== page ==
WHY IT’S IMPORTANT TO UNDERSTAND YOUR RISK TOLERANCE WHEN INVESTING
By Renee Eagar, Certified Financial Planner®, Brenthurst Wealth Management
Many people think they can remain rational when markets are volatile and when investment values are going through a dip. The truth, however, is quite the opposite. People become overly emotional when markets behave badly to the point of selling off valuable stakes of their portfolio. But selling shares when values decline is never a good idea.
History has proven that panic-selling for long-term investors almost always ends poorly. Investors who kept their wits during a financial slump ended up recouping not only all their losses but were also still around to benefit from a market recovery.
Often, it’s hard to really know what you’re comfortable with until you’ve experienced losses. It is therefore important to make an honest assessment of your own risk tolerance.
Any financial planner worth his/her salt will tell you that a proper assessment of your risk profile is the first step in the creation of a robust financial plan. If you’re not aware of your own risk profile, chances are you’ll end up taking regrettable investment decisions at least a few times in your life.
Risk tolerance is a measure of willingness to accept higher risk or volatility in exchange for higher potential returns in portfolio selection.
Risk profiling helps you invest in the optimum and diversified asset allocation to reach your investment goals. It also aims to simplify the process of understanding your underlying attitudes towards investing and hence predicting your probable reactions to future events. It is an important part of the financial planning process.
All types of investments require that you take on some degree of risk. Cash, for example, carries an inflationary risk, property carries the risk of not being occupied and equities the risk of capital loss through corporate failure or devastating economic factors.
Investment risk measures how sure you can be of achieving your investment objectives. The relationship between risk and return is fundamental to all investments. The more risk you’re willing to take on, based on market performance over long periods, the greater the potential return should be.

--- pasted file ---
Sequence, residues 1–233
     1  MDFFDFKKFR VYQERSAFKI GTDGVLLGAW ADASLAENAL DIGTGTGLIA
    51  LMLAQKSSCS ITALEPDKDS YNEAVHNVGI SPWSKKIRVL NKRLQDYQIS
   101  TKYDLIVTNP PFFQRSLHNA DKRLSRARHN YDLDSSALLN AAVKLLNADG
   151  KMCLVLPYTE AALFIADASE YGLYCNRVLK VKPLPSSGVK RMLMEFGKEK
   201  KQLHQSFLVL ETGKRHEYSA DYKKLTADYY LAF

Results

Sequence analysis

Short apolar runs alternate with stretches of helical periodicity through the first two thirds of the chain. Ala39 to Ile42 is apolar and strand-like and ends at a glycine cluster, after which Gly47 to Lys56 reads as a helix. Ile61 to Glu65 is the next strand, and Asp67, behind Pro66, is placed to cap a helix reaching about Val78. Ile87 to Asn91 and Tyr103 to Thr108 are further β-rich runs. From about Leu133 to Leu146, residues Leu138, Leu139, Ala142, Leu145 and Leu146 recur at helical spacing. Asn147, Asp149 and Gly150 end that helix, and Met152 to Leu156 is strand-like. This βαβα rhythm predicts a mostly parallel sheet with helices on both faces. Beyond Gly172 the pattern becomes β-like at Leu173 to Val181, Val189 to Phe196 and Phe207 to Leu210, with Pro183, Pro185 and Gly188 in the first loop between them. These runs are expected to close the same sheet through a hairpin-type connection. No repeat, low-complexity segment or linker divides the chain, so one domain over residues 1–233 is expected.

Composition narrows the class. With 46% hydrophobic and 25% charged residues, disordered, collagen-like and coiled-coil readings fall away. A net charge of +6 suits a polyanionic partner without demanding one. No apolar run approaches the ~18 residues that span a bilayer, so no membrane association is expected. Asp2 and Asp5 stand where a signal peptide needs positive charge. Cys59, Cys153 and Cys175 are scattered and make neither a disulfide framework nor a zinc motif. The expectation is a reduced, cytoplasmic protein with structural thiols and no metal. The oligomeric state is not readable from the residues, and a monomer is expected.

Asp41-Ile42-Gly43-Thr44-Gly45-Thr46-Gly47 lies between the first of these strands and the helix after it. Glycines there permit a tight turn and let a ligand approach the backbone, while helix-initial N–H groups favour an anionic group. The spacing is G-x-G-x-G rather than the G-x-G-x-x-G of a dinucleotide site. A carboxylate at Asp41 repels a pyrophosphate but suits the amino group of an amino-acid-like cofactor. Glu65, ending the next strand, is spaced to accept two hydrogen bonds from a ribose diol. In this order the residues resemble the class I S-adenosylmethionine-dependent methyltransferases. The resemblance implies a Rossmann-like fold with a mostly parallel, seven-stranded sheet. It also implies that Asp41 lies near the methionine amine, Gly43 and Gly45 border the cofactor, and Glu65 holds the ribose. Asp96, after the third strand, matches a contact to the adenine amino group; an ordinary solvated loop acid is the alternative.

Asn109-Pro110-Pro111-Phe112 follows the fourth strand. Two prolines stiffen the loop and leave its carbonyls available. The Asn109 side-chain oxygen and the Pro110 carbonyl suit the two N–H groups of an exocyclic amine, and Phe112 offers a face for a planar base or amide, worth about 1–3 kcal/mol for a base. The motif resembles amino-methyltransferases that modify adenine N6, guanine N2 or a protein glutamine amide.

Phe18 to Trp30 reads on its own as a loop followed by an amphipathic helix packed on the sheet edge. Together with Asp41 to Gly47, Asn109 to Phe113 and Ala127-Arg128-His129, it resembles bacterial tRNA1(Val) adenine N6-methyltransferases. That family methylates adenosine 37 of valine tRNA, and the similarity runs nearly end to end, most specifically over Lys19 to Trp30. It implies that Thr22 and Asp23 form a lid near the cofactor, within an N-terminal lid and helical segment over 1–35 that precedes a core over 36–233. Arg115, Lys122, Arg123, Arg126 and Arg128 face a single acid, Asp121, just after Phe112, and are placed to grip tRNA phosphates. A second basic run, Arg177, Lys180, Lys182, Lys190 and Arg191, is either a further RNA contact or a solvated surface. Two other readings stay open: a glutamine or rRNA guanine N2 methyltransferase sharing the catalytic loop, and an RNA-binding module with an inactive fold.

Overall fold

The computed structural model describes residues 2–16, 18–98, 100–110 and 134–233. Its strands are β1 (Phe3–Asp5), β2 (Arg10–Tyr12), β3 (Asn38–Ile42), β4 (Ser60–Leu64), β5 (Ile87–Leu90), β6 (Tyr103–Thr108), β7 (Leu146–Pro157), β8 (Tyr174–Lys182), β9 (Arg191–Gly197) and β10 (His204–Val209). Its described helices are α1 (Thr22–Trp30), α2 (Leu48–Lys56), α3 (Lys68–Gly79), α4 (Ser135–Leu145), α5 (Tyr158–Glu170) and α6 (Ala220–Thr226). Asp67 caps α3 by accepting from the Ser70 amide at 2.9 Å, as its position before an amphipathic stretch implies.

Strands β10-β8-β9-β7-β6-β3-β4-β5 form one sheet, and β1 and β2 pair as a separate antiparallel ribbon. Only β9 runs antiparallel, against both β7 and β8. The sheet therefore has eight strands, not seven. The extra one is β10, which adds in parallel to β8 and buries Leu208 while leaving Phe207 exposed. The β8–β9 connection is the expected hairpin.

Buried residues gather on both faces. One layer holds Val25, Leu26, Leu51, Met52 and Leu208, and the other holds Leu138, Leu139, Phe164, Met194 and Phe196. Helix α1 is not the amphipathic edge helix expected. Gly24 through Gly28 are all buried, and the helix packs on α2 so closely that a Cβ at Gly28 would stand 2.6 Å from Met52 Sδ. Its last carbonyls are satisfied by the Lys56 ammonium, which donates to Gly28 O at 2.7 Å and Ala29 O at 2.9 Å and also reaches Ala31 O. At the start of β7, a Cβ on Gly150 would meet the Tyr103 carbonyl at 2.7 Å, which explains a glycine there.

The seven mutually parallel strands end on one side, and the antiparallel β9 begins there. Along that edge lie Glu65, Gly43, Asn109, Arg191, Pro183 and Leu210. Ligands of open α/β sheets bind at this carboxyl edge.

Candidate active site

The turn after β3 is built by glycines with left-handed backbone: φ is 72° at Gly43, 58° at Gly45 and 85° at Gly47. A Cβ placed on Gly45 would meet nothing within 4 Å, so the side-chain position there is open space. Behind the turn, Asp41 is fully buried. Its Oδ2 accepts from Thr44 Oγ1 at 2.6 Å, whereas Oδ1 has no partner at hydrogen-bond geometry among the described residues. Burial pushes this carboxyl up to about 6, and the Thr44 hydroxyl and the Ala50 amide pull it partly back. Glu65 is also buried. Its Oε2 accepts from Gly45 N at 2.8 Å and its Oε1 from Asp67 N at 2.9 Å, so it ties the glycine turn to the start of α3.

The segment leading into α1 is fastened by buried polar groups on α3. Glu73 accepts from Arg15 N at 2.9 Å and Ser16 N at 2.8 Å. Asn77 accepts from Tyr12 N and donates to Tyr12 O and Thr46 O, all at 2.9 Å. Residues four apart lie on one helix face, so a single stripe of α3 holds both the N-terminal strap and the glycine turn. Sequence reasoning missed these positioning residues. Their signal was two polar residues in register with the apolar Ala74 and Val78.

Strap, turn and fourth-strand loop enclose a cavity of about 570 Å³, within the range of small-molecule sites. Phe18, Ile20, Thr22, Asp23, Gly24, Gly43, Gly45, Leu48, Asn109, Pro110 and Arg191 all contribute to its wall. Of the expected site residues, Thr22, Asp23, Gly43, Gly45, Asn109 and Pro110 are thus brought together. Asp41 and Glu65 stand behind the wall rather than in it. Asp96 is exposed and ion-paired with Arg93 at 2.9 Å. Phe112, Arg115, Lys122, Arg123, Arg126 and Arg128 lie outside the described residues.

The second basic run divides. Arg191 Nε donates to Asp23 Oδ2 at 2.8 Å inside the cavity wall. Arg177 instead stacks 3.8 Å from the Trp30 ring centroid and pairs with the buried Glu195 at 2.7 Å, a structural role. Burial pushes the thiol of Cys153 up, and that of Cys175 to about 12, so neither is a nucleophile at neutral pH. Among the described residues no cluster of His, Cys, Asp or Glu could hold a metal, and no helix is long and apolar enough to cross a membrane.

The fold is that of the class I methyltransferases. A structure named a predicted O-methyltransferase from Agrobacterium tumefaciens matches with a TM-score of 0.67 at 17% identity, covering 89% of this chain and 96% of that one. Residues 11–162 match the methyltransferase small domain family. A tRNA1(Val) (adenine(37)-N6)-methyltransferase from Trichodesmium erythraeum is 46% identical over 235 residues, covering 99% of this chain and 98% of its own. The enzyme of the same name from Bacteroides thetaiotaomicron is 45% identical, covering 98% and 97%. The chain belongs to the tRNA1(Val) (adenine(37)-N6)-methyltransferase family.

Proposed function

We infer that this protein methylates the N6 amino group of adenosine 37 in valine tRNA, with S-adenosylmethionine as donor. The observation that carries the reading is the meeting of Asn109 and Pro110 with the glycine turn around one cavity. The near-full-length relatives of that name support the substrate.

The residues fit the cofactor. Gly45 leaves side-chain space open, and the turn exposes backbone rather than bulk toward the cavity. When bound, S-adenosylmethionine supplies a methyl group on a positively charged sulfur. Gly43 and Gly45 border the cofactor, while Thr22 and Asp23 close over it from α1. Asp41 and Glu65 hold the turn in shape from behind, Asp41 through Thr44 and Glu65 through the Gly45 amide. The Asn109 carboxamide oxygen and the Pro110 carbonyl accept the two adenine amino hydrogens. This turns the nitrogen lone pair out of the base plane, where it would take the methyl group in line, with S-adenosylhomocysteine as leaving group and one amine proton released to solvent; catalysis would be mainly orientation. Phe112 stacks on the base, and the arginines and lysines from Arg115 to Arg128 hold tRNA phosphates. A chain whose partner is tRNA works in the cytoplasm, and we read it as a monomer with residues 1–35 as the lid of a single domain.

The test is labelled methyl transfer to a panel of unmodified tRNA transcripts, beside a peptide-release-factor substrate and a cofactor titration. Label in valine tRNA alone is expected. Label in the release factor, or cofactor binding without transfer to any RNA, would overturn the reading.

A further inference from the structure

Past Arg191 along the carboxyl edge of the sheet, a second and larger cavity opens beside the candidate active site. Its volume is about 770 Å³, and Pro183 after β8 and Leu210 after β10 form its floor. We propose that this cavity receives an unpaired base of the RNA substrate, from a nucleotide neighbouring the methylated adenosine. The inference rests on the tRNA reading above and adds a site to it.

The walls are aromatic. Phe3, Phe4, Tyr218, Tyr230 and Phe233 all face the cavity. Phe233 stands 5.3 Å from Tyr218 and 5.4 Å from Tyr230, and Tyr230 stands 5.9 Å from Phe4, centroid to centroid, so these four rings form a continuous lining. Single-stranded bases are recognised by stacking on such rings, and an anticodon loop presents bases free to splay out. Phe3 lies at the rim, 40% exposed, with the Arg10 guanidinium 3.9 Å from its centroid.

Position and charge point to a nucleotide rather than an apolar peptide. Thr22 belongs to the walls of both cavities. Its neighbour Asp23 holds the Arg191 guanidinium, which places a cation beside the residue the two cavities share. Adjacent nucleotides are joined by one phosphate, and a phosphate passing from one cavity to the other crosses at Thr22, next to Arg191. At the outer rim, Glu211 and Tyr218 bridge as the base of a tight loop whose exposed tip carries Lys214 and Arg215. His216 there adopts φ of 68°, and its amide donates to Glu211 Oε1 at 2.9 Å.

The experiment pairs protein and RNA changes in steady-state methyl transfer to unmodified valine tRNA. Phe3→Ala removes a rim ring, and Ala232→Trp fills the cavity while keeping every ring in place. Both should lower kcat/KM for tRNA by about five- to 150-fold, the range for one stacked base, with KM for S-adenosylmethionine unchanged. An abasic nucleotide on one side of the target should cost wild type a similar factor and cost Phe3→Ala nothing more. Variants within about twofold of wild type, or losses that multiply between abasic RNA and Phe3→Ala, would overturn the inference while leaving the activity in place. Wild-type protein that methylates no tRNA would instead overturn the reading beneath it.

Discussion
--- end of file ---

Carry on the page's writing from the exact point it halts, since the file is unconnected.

Your financial planner will assist you in understand- ing your risk profile by way of a questionnaire. Based on your requirements, a decision can be made on asset allocation. The more detailed it is, the more it’s likely to capture your risk profile accurately. It will test the investor’s responses to his/her limitations in taking a financial risk, past decisions in financial situations, and his/her attitude towards investing in various risk/return scenarios.
Once you know how much spread is to be maintained between risk assets like equity and low-risk assets like cash, you can identify the funds and products where you would like to invest. You will also realise your preference for consistent growth and a slow uptick, and the level of volatility you can withstand to get a better result.
The rate of return that an investment is going to generate is generally the first thing that is discussed at the time of investment. While this is definitely a very important aspect to be noted, it is equally important to consider the risks associated with that particular investment.
Once you are better versed in the products and assets you are invested in and what percentage is invested either locally or offshore, you will be less likely to be panicked into a decision when the market turns.
Proper risk profiling ensures that your asset allocation is in alignment with your attitudes and current situation. This will allow you to make wiser decisions with your money – not panic and sell out or invest out of greed. In the long run, you’ll be happy with the returns you’ve earned.
Investors must understand the dangers of changing strategy in a portfolio, just to chase last year’s performance, and how getting the timing wrong can have a detrimental effect on a portfolio. It is very important to leave emotion out of it and ignore the noise, as an overreaction will only lead to losses.
A better understanding of your risk profile will also make it easier for you to adapt your financial plan. It will hone your focus on future events that matter, like retirement or the death of a family member, which are the real determinants of a risk profile.